Caterpillar venom makes holes in cells, and if research progresses, it may be useful in drug discovery fields such as cancer drugs
Many people have experienced swelling of the skin after being stung by a caterpillar. It has become clear that the poison of some caterpillars has the effect of making holes in cells. In addition, the possibility that caterpillar venom evolved from bacterial venom has emerged.
Horizontal gene transfer underlies the painful stings of asp caterpillars (Lepidoptera: Megalopygidae) | PNAS
Caterpillar venom study reveals toxins borrowed from bacteria - UQ News - The University of Queensland, Australia
When we hear the word ``poison'', the first thing that comes to mind is a harmful image, but the venom of animals also serves as a source of molecules that are useful in the fields of medicine and agriculture. It has the potential to be useful. A research team at the University of Queensland analyzed the components of the poison secreted by the moth larvae called 'Megalopyge opercularis'.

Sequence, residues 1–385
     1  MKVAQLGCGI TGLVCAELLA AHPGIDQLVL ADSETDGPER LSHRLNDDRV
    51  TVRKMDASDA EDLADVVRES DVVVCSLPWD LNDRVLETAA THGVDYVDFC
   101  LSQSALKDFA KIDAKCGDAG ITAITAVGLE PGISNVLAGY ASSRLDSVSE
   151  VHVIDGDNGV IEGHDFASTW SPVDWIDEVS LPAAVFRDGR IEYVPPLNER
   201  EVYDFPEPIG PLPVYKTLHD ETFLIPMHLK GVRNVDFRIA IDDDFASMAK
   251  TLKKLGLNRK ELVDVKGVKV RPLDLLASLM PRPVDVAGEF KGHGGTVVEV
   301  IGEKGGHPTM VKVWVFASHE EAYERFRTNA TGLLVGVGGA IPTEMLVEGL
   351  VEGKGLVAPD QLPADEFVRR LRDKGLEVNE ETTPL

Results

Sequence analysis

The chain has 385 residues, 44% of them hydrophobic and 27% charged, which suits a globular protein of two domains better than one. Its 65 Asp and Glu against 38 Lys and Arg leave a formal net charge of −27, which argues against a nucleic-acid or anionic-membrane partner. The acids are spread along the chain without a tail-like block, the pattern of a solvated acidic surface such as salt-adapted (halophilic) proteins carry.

Asp is a moth larva covered with long hair like the following, and the hair contains poison. Asp hairs are known to cause 'severe burning sensations and rashes' when attached to the skin.
As a result of the research team's analysis of Asp's poison, it was found that Asp's poison has the effect of 'piercing cells'. Andrew Walker, a member of the research team, said, ``The poison of Asp was completely different from the insect poisons that have been confirmed so far,'' emphasizing its specificity.
As a result of further analysis, it was also found that the proteins that make up Asp venom and some bacterial venom are similar. From this, the research team speculates that Asp's venom evolved from bacterial venom.
“Toxins that puncture cells have the ability to enter cells, which is why they may work effectively in drug delivery,” Walker said. Or we may be able to derive a means to selectively attack cancer cells.'
In addition, there are multiple examples of utilizing animal poisons for drug development. For example, in 2020, a pain reliever with few side effects was developed from poisonous spider venom.
Expected as an alternative to opioids, an analgesic with less side effects and dependence will be developed from ``venom of poisonous spiders''-GIGAZINE